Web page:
Former servicemen and women who are struggling to cope with life outside of the military are being urged to sign up to a peer support service delivered by veterans’ mental health charity Combat Stress.

Led by veterans for veterans, it’s the first UK-wide service of its kind for those with mental health problems.

The peer support service, funded by the Royal British Legion, helps those former servicemen and women whose mental health has been affected by their time in the Armed Forces, and who are experiencing loneliness and social isolation after leaving the military.

For many ex-military staff, the adjustment to civilian life can be confusing and distressing, leaving them struggling with changes to their identity and feeling that few people around them truly understand what they are experiencing. 

This can be even more isolating if the veteran develops symptoms of mental health conditions.

The peer support service offers former servicemen and women a chance to share their experiences, receive support and socialise with others who have had similar experiences.

The service is co-ordinated by Robert Lappin, a retired Royal Engineer. 
During his 21 years in the Army, initially in the ranks and then as an officer, he served on operations in Northern Ireland, the Balkans and the Gulf.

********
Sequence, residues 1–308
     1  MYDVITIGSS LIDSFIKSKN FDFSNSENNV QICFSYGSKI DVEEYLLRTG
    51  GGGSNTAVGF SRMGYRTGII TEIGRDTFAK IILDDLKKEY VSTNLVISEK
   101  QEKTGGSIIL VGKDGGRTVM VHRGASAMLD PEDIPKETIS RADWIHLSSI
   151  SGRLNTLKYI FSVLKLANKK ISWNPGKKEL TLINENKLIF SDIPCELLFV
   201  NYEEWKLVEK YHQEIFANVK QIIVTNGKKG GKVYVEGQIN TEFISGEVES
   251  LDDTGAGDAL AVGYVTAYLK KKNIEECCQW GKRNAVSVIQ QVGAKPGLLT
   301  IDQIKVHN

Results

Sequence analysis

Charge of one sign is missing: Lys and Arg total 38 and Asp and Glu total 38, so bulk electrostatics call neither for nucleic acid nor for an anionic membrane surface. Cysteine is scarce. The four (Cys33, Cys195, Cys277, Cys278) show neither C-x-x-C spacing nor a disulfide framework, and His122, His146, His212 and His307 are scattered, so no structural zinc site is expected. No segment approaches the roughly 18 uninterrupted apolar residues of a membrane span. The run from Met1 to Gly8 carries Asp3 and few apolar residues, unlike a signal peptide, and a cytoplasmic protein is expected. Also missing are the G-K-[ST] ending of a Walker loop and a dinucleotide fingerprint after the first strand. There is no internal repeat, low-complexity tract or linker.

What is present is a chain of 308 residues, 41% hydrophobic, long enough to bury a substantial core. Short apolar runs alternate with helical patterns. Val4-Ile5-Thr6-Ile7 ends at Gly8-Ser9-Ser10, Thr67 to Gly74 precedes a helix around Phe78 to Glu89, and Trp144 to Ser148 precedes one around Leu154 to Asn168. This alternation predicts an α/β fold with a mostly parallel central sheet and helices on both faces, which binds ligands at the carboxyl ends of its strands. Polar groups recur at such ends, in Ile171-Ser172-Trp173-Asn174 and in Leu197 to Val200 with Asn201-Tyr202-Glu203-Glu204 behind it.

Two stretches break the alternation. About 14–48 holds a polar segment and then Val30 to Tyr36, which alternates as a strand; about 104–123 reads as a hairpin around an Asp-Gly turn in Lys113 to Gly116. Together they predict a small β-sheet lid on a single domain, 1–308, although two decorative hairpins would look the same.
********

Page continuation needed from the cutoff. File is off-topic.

He overcame his own challenges following his transition to civilian life and has worked for Combat Stress since 2010. He has a solid understanding of the challenges faced by veterans in Scotland.

Mr Lappin said: “Mental health problems can make even the simplest things seem hard to do but this service is a way for veterans to easily access support and advice. 

“Veterans have the chance to come along to small group meetings or to meet me individually.”

Carol Smith, director of client services at Combat Stress, said: “I’d like to thank The Royal British Legion for funding the peer support service.

“Research has suggested social support has a positive impact on mental health and the effects of trauma. 

“Peer support aims to help by increasing social interaction amongst individuals who may otherwise feel isolated or stigmatised.”

Mr Lappin, meanwhile, is planning to raise funds for Combat Stress through an overnight cycling challenge in Glasgow this weekend.

The 47-year-old is set to saddle up for the 100km Nightrider challenge around the city to raise awareness of the work of Combat Stress and 
to break down some of the stigma surrounding mental health issues among veterans.

Veterans can call the Combat Stress 24-hour mental health helpline on 0800 138 1619 to be referred to the Peer Support Service.